U.S. says Mexico plan to ban GMO corn imports does not apply to animal feed

CHICAGO (Reuters) - U.S. Agriculture Secretary Tom Vilsack said on Friday that a Mexican plan to ban imports of genetically modified (GMO) corn would apply to grain used for human food products, not livestock feed, based on recent talks he had with Mexican Agriculture Secretary Victor Villalobos Arambula.

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Vilsack said limiting the ban to food products makes a big difference to U.S. farmers, who have long relied on Mexico as a top export market.

“It’s not going to have as great an impact as it would if it was everything all at once all now,” he said at a virtual event hosted by the National Press Club.

Vilsack said U.S. Trade Representative Katherine Tai has also addressed the plan with Mexico and that there is a process under the United States-Mexico-Canada Agreement (USMCA) for raising such issues.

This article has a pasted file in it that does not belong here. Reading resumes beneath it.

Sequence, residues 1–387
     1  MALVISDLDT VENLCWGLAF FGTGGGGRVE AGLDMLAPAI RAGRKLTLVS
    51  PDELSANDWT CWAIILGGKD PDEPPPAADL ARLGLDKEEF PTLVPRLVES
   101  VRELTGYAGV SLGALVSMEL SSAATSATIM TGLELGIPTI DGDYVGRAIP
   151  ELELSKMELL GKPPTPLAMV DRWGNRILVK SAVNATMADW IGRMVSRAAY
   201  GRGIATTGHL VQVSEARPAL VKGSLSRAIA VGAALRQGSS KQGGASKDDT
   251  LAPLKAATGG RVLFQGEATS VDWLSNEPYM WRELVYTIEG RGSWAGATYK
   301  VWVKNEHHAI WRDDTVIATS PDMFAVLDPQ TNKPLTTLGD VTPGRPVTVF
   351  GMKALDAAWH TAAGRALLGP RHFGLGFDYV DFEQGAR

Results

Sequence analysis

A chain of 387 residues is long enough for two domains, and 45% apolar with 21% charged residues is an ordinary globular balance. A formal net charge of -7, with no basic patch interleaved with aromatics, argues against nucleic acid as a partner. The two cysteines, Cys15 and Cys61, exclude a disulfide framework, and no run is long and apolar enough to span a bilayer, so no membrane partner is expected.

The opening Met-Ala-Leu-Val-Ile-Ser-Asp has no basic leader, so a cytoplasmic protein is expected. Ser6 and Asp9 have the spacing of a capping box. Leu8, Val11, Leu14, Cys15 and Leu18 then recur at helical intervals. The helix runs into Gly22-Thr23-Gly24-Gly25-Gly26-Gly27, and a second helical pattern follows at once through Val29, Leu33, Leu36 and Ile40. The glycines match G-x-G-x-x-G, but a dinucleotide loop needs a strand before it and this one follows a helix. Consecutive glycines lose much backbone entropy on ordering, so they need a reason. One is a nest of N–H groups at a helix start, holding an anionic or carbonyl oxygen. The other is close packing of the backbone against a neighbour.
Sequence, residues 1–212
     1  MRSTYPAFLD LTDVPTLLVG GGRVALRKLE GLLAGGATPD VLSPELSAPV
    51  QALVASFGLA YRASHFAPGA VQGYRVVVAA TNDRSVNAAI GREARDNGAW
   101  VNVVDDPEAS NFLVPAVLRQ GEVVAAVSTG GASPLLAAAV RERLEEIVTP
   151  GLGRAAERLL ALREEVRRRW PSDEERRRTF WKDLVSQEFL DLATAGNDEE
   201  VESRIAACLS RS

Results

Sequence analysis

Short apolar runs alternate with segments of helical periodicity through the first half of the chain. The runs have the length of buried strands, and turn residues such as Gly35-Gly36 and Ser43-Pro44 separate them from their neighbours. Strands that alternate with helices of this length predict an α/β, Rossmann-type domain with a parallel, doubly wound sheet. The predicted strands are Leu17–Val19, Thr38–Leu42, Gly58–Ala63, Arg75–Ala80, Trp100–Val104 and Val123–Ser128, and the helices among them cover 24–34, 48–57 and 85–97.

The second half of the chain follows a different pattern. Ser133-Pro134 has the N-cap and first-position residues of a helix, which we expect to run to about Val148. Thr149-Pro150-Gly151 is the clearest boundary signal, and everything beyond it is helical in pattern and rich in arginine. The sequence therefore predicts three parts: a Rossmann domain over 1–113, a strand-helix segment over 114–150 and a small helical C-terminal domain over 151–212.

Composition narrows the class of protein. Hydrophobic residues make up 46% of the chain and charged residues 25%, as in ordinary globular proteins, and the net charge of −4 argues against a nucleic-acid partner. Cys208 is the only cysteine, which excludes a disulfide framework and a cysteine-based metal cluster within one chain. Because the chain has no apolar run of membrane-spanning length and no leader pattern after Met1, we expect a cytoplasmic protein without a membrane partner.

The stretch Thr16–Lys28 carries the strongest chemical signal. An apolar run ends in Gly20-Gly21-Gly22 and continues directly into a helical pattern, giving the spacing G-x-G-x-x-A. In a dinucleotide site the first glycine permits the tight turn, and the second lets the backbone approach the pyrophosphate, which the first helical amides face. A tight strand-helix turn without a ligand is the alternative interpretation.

“I am confident that these conversations will continue to be raised and concerns will be voiced,” Vilsack said. “As they are, there are processes that could potentially be used.”

Mexico’s agriculture ministry did not immediately respond to a request for comment.

Mexico late last year published an executive order that seeks to ban in three years the use of GMO corn for human consumption, but did not define what products would be included. The government has pledged to substitute imports with local production by 2024.

Victor Suarez, Mexico’s deputy agriculture minister, told Reuters last month the plan covers all food that “will eventually reach human consumption.”

He alleged that GMO corn contaminates Mexico’s native strains of the grain.

Last year, Mexican feed companies used about 11.1 million tonnes of imported corn, the vast majority of it sourced from U.S. farmers, which represented nearly 70% of the sector’s total corn purchases for the year, according to data from national feed association CONAFAB.

Mexico imported around 16 million tonnes of mostly GMO corn in 2020.

Reporting by Tom Polansek in Chicago and David Alire Garcia in Mexico City; Editing by Leslie Adler and Marguerita Choy